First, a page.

Recapturing the soul of 2012

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A collage of both RED albums. Both album covers from Apple Music.

I’ve heard it a million times before.

 But for some reason, the emotions and heartache I felt while listening to “Red (Taylor’s Version),” are still the same if not stronger.

From all of the messages such as lost scarves to old references found all over social media, I was highly anticipating Swift’s new album.

   Swift made her decision to re-record her albums after her ex-manager, Scooter Braun, sold the master rights to her six albums without her knowing. To reclaim her rights to profits and her music, Swift took action.

She announced her plan to re-record her six oldest albums on Twitter as well as a 10-minute extended version of her song “All Too Well”. 

The album has 30 tracks, and the first 21 songs were rerecordings of songs from the original  “Red” album. The other nine were unreleased songs from “From the Vault” album’s recording session that didn’t make the final cut.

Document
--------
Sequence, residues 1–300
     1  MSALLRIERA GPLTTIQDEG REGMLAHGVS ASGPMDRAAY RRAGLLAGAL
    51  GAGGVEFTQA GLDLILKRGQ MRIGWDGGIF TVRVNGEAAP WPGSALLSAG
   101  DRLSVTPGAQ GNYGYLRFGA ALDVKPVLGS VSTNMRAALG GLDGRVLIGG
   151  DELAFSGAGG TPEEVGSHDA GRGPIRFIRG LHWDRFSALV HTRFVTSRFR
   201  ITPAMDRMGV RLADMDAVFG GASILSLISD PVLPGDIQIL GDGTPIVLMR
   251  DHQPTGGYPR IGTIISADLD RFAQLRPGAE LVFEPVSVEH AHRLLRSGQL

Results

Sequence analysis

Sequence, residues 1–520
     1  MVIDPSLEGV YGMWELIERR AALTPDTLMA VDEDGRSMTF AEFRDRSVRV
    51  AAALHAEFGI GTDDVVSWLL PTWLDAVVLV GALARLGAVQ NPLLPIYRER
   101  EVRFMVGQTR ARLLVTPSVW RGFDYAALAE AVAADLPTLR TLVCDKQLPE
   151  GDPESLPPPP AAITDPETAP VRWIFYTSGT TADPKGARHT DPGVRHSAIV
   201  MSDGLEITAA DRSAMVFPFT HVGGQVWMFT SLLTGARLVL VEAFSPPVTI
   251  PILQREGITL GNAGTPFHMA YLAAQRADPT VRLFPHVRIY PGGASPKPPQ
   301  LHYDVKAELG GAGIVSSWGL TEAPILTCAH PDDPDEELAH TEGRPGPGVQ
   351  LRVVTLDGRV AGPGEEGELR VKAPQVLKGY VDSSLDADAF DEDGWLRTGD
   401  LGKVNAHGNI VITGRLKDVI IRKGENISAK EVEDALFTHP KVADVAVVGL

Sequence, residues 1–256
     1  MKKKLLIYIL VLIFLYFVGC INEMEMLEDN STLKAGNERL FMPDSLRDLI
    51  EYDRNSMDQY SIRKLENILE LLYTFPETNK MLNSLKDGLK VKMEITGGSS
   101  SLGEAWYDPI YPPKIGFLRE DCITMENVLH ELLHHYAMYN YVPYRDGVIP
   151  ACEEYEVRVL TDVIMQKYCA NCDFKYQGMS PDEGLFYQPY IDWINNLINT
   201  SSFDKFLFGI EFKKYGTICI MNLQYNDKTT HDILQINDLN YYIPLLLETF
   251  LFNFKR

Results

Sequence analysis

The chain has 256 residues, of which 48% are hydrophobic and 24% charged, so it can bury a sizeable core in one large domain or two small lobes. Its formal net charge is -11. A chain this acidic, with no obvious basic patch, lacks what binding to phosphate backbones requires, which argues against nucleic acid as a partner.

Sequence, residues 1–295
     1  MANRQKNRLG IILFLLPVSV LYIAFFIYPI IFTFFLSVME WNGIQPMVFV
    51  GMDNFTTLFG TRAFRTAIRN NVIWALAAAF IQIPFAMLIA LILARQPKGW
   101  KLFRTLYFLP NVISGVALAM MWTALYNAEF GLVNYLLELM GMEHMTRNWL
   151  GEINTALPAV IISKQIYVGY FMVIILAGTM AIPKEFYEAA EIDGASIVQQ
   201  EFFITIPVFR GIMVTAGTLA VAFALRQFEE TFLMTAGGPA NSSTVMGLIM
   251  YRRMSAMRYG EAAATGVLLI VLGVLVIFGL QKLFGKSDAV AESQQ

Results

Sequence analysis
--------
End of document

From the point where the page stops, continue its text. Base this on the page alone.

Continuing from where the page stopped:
In her newly recreated album, Swift has been able to capture the soul of the 2012 releases while also showcasing to her fans how she grew from a young artist to a now popular sensational artist.  

“Red” exhibits Swift’s evolution as an artist, making it once again, a perfect reanimation of her 2012 self while also displaying Taylor’s personal growth since then. 

 “All Too Well: The Short Film, ” was directed by Swift, with the help of actress Blake Lively. This remarkable short film starred Daylan O’Brien and Sadie Sink. I felt that the actors were able to represent Swift and her past relationship flawlessly. The song is a breakup ballad that perfectly captures the feelings of sorrow and heartbreak. This became one of the widely fan-favorite songs as well as mine.

 I like to believe that the ten-minute version gave many fans the complete story behind Swift’s relationship with her ex, Jake Gyllenhall. This song has left me heartbroken and emotional with the weight of unexplainable emotions coursing through as I play it over and over in my room. 

Swift aims towards her country roots and showcases a unique strength on “I Bet You Think About Me.” The way I see it, this song mainly called out privileged pretentious people with a god-like complex. It is a perfect mixture between the old country Swift and this newly fond Swift that I know. 

From the constant eyes on her, whether it was judgment or her record label, Swift was unable to create the album she truly wanted. Now, as she returns to her previous albums nine years later, she has allowed herself to finally release the album she always wanted to make.